Project Group B: Conflict and Control, Project B5

Roman Rule in the Maghreb between Sedentariness and Nomadism


The research project analyses the Roman rule over nomadic groups in North Africa. Its goal is to investigate the means by which the Roman Empire controlled or tried to control the nomadic groups in this territory.
The work during the first period led to new insights and research questions, which will be dealt with in two areas of work.

The aim of the first area of work is to develop the terms space and border as tools for the analyses of the contact between nomadic and sedentary ways of life in Roman North Africa. Due to different understandings of space, integration of nomadic groups was extremely difficult for the Romans. Research on the mechanisms which made coordination possible is therefore of central importance. Two theoretical approaches will be used to gain further insights: 1. Drawing on theories of neo-institutionalism, space and border are believed to have an instrumental and a symbolic dimension to them. 2. The adaptation of the idea of Rome as a presence-culture (Gumbrecht).

Topic of second area of work is the confrontation between states (Roman/Byzantine provinces, Vandal regnum) and the indigenous, non-sedentary groups in the geographical area of North-Africa from the third to the end of the sixth century and the resulting consequences on political, social and economic structures and lines of development for the region.
While conflicts and military confrontations of roman central power and nomadic groups in first and second century North-Africa only seldom grew up to a threatening level, Rome slowly lost operative control in course of the third century. The military initiative increasingly passed to the indigenous tribes, which slowly shoved the Roman provinces in a defensive position. These conflicts continued in Late Antiquity and Vandal times and also after the Byzantine (re-)conquest the new central power saw themselves confronted with considerable difficulties in securing the region. Only at the end of the sixth century a partial stabilisation of the situation succeeded. In geographical perspective, the Later Roman North-African provinces (Mauretania Tingitana, Caesariensis and Sitifensis, Numidia, Africa Proconsularis, Byzacena and Tripolitania) and the Cyrenaica (Libya inferior and superior) will be included and analysed with attention on structures and development-lines.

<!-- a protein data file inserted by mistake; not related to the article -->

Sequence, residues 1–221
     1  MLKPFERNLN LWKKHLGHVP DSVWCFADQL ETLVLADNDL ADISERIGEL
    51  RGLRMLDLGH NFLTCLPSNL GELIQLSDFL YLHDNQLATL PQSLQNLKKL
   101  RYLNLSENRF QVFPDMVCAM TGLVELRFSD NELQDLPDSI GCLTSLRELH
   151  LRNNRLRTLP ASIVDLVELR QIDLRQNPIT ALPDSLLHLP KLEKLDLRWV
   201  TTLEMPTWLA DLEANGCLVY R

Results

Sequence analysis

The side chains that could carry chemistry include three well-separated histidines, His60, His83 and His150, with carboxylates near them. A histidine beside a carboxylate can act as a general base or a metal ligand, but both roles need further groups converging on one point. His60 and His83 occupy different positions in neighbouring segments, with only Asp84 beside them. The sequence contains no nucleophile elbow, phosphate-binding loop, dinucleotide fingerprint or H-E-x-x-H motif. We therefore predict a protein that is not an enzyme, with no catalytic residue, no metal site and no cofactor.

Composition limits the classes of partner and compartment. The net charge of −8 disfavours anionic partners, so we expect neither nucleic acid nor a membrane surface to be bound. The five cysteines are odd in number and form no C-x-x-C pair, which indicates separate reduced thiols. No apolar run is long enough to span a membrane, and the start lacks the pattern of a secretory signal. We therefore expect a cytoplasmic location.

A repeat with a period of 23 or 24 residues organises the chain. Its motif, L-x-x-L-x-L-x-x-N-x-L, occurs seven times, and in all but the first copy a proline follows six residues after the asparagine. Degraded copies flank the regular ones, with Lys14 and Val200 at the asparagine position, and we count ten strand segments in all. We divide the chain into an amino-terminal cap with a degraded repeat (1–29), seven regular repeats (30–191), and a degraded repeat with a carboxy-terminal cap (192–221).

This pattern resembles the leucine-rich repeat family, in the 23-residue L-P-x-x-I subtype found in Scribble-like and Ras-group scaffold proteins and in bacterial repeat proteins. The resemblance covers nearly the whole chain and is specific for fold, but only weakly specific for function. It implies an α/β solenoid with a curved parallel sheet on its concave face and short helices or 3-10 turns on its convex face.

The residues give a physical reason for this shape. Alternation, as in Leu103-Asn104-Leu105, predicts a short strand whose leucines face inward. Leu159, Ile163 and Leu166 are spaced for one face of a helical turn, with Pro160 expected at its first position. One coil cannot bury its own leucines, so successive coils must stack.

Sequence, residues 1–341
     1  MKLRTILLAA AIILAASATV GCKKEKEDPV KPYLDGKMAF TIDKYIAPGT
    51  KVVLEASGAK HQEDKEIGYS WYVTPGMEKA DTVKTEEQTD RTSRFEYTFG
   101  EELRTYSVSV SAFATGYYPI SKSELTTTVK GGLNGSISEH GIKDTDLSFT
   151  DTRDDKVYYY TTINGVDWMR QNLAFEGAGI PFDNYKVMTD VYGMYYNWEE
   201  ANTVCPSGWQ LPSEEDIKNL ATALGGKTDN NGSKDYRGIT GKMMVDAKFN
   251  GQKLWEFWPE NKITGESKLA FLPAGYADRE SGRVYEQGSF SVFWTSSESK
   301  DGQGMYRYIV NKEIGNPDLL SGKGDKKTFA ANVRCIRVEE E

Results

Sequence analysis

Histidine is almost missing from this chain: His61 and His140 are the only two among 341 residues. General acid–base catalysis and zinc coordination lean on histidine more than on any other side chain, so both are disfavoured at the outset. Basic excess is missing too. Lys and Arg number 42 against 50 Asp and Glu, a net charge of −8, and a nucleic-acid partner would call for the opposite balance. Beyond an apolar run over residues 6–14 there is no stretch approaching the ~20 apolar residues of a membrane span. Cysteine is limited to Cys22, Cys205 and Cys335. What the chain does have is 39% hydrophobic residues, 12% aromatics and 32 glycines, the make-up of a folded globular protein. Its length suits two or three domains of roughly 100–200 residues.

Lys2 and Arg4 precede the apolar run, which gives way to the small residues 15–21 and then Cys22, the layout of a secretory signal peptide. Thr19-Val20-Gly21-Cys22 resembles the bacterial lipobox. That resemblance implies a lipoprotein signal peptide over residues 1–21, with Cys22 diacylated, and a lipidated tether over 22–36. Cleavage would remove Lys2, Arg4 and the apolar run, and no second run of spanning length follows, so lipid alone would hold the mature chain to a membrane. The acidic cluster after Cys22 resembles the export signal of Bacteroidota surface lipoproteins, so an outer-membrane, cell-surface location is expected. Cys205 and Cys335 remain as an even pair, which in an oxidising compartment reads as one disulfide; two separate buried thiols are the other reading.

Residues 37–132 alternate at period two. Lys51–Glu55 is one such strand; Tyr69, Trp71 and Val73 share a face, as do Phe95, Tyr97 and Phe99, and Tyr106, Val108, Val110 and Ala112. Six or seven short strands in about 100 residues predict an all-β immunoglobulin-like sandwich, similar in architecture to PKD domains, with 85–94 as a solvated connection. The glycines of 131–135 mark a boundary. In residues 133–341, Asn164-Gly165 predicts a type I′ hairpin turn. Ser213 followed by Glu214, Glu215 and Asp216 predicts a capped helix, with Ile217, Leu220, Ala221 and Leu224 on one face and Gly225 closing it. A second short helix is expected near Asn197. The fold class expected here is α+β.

Prof. Dr. Charlotte Schubert

Der Eid des Hippokrates. in print.

Die Inschrift von Henchir Mettich (CIL VIII 25902). Ein Beispiel für die Interaktion von sesshaften und nicht-sesshaften Bevölkerungsgruppen im römischen Nordafrika. In: Mitteilungen des SFB "Differenz und Integration" 4/1 (2003), 181–210.

Athen und Sparta in klassischer Zeit. Ein Studienbuch. Stuttgart/Weimar 2003.

Hippokrates: Ausgewählte Schriften (griechisch-deutsch). Düsseldorf/Zürich 2003.

Die Macht des Volkes und die Ohnmacht des Denkens. Stuttgart 1998.

Land und Raum in der römischen Republik. Die Kunst des Teilens. Darmstadt 1996.

Perikles. Darmstadt 1994.

Dr. Alexander Weiß (Juniorprofessor)

with M. Weiß: Giftgefüllte Nattern oder heilige Mütter. Frauen, Frauenbilder und ihre Rolle in der Verbreitung der christlichen Botschaft. Münster 2005 (Antike Kultur und Geschichte 8).

Die Grenzen der Integration. Rom und die Baquaten. In: Bonner Jahrbücher 202, 2002 (2005), 337–348.

Sklave der Stadt. Untersuchungen zur öffentlichen Sklaverei in den Städten des römischen Reiches. Stuttgart 2004 (Historia Einzelschrift 173).

Limocincti in Irni. Zur Ergänzung des Duumvirnparagraphen 18 der lex Irnitana. In: Zeitschrift für Papyrologie und Epigraphik 135 (2001), 284–286.

Dr. Roxana Kath

Nulla mentio pacis – Untersuchungen zum Umgang der Römer mit militärischen Rückschlägen in der Zeit der Republik. Diss. (Dresden 2003). in print.